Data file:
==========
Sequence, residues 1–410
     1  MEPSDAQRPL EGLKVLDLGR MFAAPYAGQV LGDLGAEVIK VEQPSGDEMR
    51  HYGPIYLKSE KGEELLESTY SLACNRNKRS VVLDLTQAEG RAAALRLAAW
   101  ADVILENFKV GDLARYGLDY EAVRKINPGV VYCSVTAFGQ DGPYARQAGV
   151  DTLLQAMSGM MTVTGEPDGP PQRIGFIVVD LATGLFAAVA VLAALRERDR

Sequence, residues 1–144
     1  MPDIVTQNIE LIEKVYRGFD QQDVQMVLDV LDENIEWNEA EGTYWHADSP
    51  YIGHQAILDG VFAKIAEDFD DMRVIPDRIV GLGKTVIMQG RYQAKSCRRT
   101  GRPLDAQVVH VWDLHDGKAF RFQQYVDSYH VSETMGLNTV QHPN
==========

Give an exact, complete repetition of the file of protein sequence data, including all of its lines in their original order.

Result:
Sequence, residues 1–410
     1  MEPSDAQRPL EGLKVLDLGR MFAAPYAGQV LGDLGAEVIK VEQPSGDEMR
    51  HYGPIYLKSE KGEELLESTY SLACNRNKRS VVLDLTQAEG RAAALRLAAW
   101  ADVILENFKV GDLARYGLDY EAVRKINPGV VYCSVTAFGQ DGPYARQAGV
   151  DTLLQAMSGM MTVTGEPDGP PQRIGFIVVD LATGLFAAVA VLAALRERDR

Sequence, residues 1–144
     1  MPDIVTQNIE LIEKVYRGFD QQDVQMVLDV LDENIEWNEA EGTYWHADSP
    51  YIGHQAILDG VFAKIAEDFD DMRVIPDRIV GLGKTVIMQG RYQAKSCRRT
   101  GRPLDAQVVH VWDLHDGKAF RFQQYVDSYH VSETMGLNTV QHPN